1 edition published in 2013 in English and held by 1 library worldwide
Over the last several decades, research has examined how students' beliefs about school and about their own abilities affect their academic goals, motivation, and achievement (for reviews see, Dweck, Walton, & Cohen, 2011; Farrington et al., 2012). It has also investigated how these beliefs and associated patterns of behavior can be influenced through interaction with others (Gunderson et al., 2013; Linnenbrink, 2005; Mueller & Dweck, 1998; Turner et al., 2002) and through precise, psychological interventions (J. Aronson, Fried, & Good, 2002; Blackwell, Trzesniewski, & Dweck, 2007; Cohen, Garcia, Apfel, & Master, 2006; Good, Aronson, & Inzlicht, 2003; Walton & Cohen, 2007, 2011; Wilson & Linville, 1982, 1985; Yeager & Walton, 2011). This research has focused on the educational context, but it has provided rich, generalizable insights. It has revealed a complex cross-section of the ways in which individuals' worries and motivations interact with their social environments to affect their behavior and major life outcomes. The education context is in many ways ideal for the study of psychology. There are unambiguous, regularly-collected, socially meaningful outcomes; there are complex, but consistently structured relationships; and there is diversity, yet commonality, in people's aspirations and concerns. The schoolhouse has always been a rich source of data for psychologists (Berliner, 2006; Davidson & Benjamin, 1987). However, as computers increasingly saturate education, the schoolhouse and its contemporary equivalents provide unprecedented opportunities for psychological researchers: Opportunities to make a measurable and socially meaningful impact on the lives of students and teachers; opportunities to display to society at large the benefits of a careful, psychologically-wise approach to solving social problems; and opportunities to learn about psychological theory by pushing its predictions to the limit in new contexts and at new scales of operation. This dissertation investigates these opportunities from several different perspectives. Chapter 1 focuses on education as a context for psychological research: I elaborate on the factors that make education a rich context for psychological research, and I describe how researchers have used this context to apply and to further basic psychological theory. In Chapter 2, I focus on the the benefits, challenges, and methods of large-scale research. Chapters 3-5 each present data from a different, large-scale efficacy study. Chapter 3 presents a study of the robustness and generalizability of two social psychological interventions across a sample of over 1500 students from 13 socio- demographically heterogeneous schools. Chapter 4 describes the process of selecting and customizing psychological interventions to address psychological obstacles to success in community college math. Chapter 5 tests the efficacy of psychologically wise encouragement in a sample of over 250,000 online learners. In Chapter 6, I explore how the local context influences students' responses to a growth mindset intervention and the relationship between individual students' mindsets and achievement. Finally, Chapter 7 reviews what we have learned about psychology through recent large-scale studies in education; it considers what new areas deserve exploration; it provides loose estimates for the economic impacts of psychological interventions in schools; and it discusses psychological interventions as a vehicle for large-scale social change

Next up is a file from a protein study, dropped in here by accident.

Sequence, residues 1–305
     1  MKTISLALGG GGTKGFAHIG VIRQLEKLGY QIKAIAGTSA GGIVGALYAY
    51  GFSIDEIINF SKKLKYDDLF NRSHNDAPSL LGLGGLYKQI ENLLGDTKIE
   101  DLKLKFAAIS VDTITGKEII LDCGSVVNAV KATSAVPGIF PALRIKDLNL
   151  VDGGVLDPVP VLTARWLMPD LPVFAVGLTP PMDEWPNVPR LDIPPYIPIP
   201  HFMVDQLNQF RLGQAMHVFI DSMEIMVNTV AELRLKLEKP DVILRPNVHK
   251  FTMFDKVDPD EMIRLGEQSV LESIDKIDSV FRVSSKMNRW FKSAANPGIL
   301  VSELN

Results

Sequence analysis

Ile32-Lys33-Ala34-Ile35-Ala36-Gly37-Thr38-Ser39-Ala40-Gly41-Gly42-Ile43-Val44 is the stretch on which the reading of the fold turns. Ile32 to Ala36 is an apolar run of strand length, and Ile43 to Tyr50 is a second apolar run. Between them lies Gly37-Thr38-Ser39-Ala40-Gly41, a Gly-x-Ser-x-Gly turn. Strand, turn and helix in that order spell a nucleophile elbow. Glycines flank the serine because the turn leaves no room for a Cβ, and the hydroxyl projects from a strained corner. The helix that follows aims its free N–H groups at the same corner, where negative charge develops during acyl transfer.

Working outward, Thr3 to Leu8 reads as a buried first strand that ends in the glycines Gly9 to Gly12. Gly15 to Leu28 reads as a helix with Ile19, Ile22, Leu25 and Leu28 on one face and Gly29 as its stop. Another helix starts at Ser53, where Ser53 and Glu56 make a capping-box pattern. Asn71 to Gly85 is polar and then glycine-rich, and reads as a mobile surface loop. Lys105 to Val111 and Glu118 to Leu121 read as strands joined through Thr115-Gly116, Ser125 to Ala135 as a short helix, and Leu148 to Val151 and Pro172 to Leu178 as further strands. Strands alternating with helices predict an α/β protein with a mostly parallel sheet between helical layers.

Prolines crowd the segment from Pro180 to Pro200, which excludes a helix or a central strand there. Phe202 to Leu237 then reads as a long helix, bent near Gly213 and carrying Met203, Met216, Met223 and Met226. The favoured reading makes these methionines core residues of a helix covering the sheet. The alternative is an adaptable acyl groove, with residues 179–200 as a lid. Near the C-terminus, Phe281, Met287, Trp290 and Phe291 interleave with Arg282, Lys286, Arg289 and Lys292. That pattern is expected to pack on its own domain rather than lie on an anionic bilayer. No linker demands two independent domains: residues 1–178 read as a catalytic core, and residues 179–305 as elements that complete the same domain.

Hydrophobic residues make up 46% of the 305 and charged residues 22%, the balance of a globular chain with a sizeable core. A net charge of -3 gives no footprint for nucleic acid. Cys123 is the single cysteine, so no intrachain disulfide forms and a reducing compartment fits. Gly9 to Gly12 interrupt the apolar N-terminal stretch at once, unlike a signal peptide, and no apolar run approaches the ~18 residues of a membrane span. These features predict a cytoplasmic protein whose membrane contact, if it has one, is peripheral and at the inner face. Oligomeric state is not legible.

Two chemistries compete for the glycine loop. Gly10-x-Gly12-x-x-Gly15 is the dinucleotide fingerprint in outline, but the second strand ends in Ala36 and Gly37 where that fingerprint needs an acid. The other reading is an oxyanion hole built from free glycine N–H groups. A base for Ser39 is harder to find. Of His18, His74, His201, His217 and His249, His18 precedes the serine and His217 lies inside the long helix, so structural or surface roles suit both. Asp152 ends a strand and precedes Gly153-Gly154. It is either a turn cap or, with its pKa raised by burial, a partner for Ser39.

Prejudice without prejudice? Beliefs about the malleability of prejudice shape cross-race interactions by Priyanka Bangard Carr( Computer File )
1 edition published in 2012 in English and held by 1 library worldwide
Prejudiced behavior is typically seen as emanating from individuals' prejudiced attitudes. This dissertation reports nine studies that find that majority-group members' beliefs about the malleability of prejudice can create prejudiced behavior, above and beyond people's actual prejudice. In Study 1, I developed and validated a new scale to measure individuals' beliefs about the malleability of prejudice-- their beliefs about whether prejudice is amenable to change or not. Using this scale, Study 1 found that majority-group members' beliefs about the malleability of prejudice predict their interest in engaging in cross-race interactions and their interest in activities that touch upon race or diversity. Those who believed prejudice was relatively fixed or unchangeable (those who possessed a fixed belief) were less interested in these interactions and activities than those who thought prejudice could change (those who possessed a malleable belief). Studies 2-4 replicated the central finding of Study 1: A belief that prejudice is fixed was associated with less interest in cross-race interactions. Further, Studies 2-4 clarified that the effects are driven by people's beliefs about their prejudice. The reported association emerged above and beyond majority-group members' explicit prejudice (Study 2), internal and external motivation to respond without prejudice (Study 3), and beliefs about the malleability of personality in general (Study 2). In addition, Study 3 found that people's own beliefs about prejudice rather than their perceptions of other people's beliefs about prejudice are associated with interest in cross-race interactions. Study 4 elucidated that people's beliefs about their own group's rather than other groups' prejudice contributes to the reported effects. Study 5 examined behaviors in cross-race interactions and found that majority-group members with a more fixed rather than malleable belief about prejudice, though they were no more implicitly prejudiced, were more avoidant and anxious in cross-race interactions (but not same-race ones). Study 6 found that a fixed belief about prejudice is also associated with disinterest in working to reduce prejudice. The next set of studies manipulated majority-group members' beliefs about the malleability of prejudice to establish the causal relationship between these beliefs and behaviors related to cross-race interactions. In Study 7, I developed a new method for changing beliefs about prejudice and found that those taught prejudice is fixed were less interested in engaging in cross-race interactions than those taught it is malleable. Study 8 found that this effect of a fixed belief on decreased interest in cross-race interactions was mediated by heightened concerns about revealing prejudice to oneself and others. Last, Study 9 discovered that majority-group members who were taught that prejudice does not change, compared to those who were taught it is malleable, were more anxious--as seen through their behavioral and physiological responses--and less friendly in a cross-race interaction (but not a same-race one). This research indicates that negative intergroup behaviors--avoiding people of other races, disinterest in reducing prejudice, and anxiety in cross-race interactions--are not always rooted in prejudice: People's beliefs about the malleability of prejudice, even among those low in prejudice, can cause them to exhibit prejudiced behaviors. This new perspective has important implications for improving intergroup relations and equity
English (8)